In part two of ‘On the Front Lines: An Interview With Writer Douglas Century’ (Click here to read part one), Douglas discusses the validity of the 52 Hand Blocks as a fighting system.
Scott “Tre” Wilson: How effective, in your opinion, is the 52 Hand Blocks as a fighting system? Can it be it employed in a real fight, or is it just mythology?
Douglas Century: Good question. More than once I’ve been accused of making the whole thing up. “Hey, that 52 Blocks thing— it’s an urban myth.” When I first learned about it, when I first saw it, I was around K and another brother named Life from Crown Heights. There was a slightly older dude, in the book (Street Kingdom: Five Years Inside the Franklin Avenue Posse) I called him Razor. His real name is Duffy. He was a beast at this shit! Within their own worlds—in their own neighborhoods—these were famous dudes, man. The 52 was famous in Brooklyn. So when I was hanging out there, I started to write about it. I first wrote about it in the book. Then I did this article just on 52 Blocks in Details magazine. Funny thing—I just assumed that a lot of folks already knew about it. I mean, the cats in the Wu-Tang Clan referenced it in their lyrics. Lines like, “52 cops can’t withstand the 52 blocks.” So what’s up—now you think it’s just an urban myth?
Those guys that really mastered it are a little bit older than K. His brother Rique who I met, died really tragically. He had done a ten-year bid and come out from Clinton/Danemmora. He’d been hit with night sticks by correction officers and suffered brain injuries. Before he went away, I heard about how he was really wicked with the 52’s. That was this crew of guys who were like a few years older than K. They were from Washington Avenue in Crown Heights, known as the Ave-Ave Crew.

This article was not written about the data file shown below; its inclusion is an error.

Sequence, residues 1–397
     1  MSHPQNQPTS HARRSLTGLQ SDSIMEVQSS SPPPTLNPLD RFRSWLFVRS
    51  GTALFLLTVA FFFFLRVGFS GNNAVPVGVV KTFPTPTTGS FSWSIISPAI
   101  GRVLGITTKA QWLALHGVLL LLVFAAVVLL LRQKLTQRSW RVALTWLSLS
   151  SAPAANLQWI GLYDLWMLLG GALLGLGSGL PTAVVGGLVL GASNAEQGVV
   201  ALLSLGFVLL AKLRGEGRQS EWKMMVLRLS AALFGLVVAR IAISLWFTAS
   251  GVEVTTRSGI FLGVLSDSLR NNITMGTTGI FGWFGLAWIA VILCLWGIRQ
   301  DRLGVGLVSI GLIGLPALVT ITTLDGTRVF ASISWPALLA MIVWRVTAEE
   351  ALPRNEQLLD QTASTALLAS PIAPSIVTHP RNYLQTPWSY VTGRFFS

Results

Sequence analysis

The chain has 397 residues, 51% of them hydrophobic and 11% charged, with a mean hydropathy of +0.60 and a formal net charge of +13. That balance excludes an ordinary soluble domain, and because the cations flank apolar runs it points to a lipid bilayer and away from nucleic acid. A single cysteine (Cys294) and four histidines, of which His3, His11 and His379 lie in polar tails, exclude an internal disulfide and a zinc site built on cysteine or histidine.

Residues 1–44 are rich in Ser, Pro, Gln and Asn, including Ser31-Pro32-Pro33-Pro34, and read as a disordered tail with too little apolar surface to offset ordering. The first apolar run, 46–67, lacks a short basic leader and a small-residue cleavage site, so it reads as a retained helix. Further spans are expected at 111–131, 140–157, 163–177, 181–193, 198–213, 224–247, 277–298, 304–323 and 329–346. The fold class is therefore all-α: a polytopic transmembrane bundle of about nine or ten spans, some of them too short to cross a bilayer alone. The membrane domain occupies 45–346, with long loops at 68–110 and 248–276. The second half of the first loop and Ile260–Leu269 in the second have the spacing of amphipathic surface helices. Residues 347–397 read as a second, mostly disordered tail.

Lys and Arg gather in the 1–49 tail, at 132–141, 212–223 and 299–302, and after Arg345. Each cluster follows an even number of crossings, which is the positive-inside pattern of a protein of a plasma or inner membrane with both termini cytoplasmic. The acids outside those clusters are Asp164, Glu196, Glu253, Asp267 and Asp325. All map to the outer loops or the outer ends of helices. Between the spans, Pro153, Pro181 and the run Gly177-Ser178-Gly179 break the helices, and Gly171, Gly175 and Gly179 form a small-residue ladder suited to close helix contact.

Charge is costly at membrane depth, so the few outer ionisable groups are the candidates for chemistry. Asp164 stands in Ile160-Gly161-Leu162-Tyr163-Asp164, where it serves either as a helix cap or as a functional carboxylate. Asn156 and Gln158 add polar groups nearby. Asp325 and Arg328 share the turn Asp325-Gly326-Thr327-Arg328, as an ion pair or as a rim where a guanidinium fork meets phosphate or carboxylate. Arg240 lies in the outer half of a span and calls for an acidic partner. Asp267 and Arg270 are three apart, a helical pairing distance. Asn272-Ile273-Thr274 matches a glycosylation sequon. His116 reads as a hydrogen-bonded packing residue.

Scott “Tre” Wilson: So what do you think happened? Why did the 52 Blocks disappear?
Douglas Century: What basically changed is that when young guys started to pick up guns, the 52 Hand Blocks started to become a dying art. If you talk to guys from New York City back when—I know more about the guys from Brooklyn, but it’s true of all the boroughs—there would be 52 Blocks fights on the regular. Obviously, I wasn’t in prison to see it, but I’ve heard enough people talk about guys being locked up and multiple attackers coming at them.
The main thing about 52 is that it’s deceptive movement. It’s a way of basically blocking and redirecting multiple attackers. And it was a generational thing, passed down from older brother to younger brothers, with actual contact—not light sparring. So it’s not like you can go to some dojo and learn this shit. And it takes years and years to really master. Part of it is you have to have very powerful forearms. You do a lot of blocking with your forearms and shoulders. That’s where those intense bar workouts that you see Giant and the Bartendaz doing—I’ve heard guys inside call it “gettin’ drunk”—because you develop such powerful forearms for blocking.
One way to describe it would be to say it’s a peek-a-boo style of boxing with a lot of flashy, rhythmic, deceptive movement. In its heyday— let’s say in the’ 70s and ‘80s—dudes will tell you that it was very effective in the real world. When I first wrote about it, I started to get involved with these mixed-martial arts forums and all these guys who are into MMA started to question me about it. Some were genuinely interested in it and some were just skeptical and mocking.
But it doesn’t make sense to put 52 Blocks in the same conversation as sport fighting. Street fighting isn’t designed for the ring or cage. Nowadays, Big K and his guys have begun to modify 52 Blocks for a gym or sports setting—they have their group called Constellation that’s training people in 52—but I think it’s still tough to take any real-world street/prison system and put it into a cage. For example, dudes in the hood don’t go down and turtle up and do a Jujitsu thing with their back on the ground because other guys would stomp them in the face. People talk about how BJJ is the most street effective system. Well, not if Suge Knight’s going to drop his size 13 boot on your fucking head. That’s the real world. Guys don’t want to go down on the ground if they’re fighting in the streets of Flatbush or Crown Heights.